But at the University of Oregon, another source of tension exists which is more pernicious. Over the past 15 years, as our academic resources were repeatedly cut by the state and the status of some of our programs declined, our athletics program attracted greater support from donors and achieved ever-increasing success. Some faculty members grew increasingly uncomfortable with this imbalance. The interesting thing is that many of our alumni feel the same way, including those who give generously to athletics.
Our world-class faculty deserves the same quality of attention and investment as our athletics program, and the answer to the imbalance is to cultivate our research and academic enterprise with the same focus and in the same strategic way as we have for athletics. It is not to level down our athletics program. This is why I am spending so much of my time working to build our outstanding faculty ranks, expand our research profile, and improve our student success. We need to celebrate and feed the academic excellence that already exists on this campus in so many places, build the programs with potential, and when necessary, make hard decisions about programs that are unlikely to improve.
We are making progress toward that goal. In the last year, we have bolstered our research productivity, increased our tenure-track faculty ranks, and increased the number of PhD students on campus. We are realigning resources, advocating for public investments, and increasing philanthropy to advance the UO’s academic and research enterprise. I am particularly gratified that this year we raised more than $200 million in our capital campaign and that 80 percent of those dollars went to fund our academic program, including gifts to endow our zebrafish research, renovate laboratory space in Pacific Hall, fund faculty clusters, and endow the College of Education’s HEDCO Clinic. Let me be clear—I do not want our alumni to stop giving to athletics. Instead, I want them to dig deeper to support our academic program, too. And they are listening!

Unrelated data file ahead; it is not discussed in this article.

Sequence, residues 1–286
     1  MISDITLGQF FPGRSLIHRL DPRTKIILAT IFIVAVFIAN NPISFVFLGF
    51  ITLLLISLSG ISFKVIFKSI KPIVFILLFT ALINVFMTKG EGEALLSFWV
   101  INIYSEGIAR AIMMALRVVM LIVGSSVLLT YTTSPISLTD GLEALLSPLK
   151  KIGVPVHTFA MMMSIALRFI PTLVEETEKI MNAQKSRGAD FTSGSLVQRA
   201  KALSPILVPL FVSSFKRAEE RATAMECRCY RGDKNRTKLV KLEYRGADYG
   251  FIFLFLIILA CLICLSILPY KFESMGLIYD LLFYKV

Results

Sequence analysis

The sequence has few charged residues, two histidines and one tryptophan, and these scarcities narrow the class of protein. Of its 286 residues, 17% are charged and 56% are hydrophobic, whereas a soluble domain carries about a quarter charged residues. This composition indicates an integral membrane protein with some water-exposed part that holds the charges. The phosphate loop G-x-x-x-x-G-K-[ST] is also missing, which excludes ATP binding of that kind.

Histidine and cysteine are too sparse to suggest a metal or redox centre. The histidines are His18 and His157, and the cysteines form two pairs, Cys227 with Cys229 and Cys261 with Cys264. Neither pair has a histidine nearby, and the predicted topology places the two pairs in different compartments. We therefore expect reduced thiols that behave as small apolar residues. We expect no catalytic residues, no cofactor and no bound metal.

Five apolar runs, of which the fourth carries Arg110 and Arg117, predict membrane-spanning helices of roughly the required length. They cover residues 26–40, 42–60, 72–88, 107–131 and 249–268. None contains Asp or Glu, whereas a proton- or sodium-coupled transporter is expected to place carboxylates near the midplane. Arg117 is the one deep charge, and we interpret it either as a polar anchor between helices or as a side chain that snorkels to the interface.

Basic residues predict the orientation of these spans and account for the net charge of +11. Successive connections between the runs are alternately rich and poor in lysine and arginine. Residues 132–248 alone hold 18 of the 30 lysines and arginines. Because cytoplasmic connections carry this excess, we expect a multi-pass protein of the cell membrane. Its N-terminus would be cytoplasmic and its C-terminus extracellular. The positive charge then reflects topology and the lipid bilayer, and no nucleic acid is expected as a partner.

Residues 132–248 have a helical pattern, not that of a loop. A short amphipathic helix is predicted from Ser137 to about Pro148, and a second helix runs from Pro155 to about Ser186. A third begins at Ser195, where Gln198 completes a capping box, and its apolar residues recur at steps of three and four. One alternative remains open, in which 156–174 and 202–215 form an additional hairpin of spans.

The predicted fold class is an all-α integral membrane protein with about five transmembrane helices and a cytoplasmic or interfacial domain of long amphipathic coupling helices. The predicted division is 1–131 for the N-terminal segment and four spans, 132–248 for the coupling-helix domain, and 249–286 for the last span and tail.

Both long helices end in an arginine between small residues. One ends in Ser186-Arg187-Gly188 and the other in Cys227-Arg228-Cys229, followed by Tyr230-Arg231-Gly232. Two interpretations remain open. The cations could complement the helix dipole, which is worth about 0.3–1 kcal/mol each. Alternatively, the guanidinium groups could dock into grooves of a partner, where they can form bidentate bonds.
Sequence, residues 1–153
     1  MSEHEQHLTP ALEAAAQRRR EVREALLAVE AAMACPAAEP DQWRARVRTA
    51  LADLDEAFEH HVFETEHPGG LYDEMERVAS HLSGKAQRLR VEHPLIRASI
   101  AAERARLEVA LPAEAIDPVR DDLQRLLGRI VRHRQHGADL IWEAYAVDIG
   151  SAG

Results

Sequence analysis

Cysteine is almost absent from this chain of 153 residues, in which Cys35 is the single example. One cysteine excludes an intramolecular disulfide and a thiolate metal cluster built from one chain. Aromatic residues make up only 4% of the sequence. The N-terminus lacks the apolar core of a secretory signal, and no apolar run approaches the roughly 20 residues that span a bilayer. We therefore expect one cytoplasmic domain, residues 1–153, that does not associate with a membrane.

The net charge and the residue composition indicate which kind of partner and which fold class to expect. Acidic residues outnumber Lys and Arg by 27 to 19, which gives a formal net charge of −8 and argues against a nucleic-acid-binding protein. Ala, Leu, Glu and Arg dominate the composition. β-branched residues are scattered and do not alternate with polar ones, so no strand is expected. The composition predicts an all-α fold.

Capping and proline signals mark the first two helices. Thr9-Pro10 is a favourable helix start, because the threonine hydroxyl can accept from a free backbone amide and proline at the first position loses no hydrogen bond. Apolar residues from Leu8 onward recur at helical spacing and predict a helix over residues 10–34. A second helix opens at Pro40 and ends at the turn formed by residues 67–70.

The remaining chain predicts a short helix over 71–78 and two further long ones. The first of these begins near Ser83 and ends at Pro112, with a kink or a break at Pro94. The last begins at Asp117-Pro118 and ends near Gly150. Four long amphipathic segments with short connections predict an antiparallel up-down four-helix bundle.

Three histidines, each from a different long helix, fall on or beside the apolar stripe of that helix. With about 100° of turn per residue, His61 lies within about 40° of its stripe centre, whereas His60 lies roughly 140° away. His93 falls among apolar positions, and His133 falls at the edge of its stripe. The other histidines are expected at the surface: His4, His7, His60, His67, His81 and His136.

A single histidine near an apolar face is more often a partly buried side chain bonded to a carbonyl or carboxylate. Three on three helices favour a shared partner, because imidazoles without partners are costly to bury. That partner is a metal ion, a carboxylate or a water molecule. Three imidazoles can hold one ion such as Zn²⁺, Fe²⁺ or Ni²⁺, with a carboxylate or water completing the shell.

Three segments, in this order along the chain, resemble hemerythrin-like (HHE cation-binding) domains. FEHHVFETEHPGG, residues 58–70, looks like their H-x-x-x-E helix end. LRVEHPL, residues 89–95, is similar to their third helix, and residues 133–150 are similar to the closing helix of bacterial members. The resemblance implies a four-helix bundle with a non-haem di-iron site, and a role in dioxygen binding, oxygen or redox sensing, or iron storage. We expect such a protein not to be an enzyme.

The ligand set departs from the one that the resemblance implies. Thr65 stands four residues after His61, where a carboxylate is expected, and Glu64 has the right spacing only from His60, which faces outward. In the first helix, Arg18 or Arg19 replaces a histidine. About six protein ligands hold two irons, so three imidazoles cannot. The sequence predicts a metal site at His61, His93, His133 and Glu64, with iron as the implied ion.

In short, I want to encourage everyone to come together around a shared vision of excellence for both academics and athletics. It is time to move the conversation away from bringing athletics down and instead set our sights on lifting the UO’s academic reputation up. We can have both world-renowned academics and dominant athletics teams and student athletes. I saw this play out at historic Hayward Field, as 11 current or former UO Ducks secured places at the Olympics in Rio. At the same time during the trials, many of our top researchers led running tours through and around campus as they talked about their research in green chemistry, evolutionary biology, poetry, special education, human physiology, and more. It was the perfect marriage of a vigorous mind-and-body workout. I have heard that many people who participated in the runs left enlightened, impressed, and excited about UO research.
I am committed to helping the UO achieve world-class status at every level, with focus, strategic investments, and commitment. I need your help and support to achieve this vision.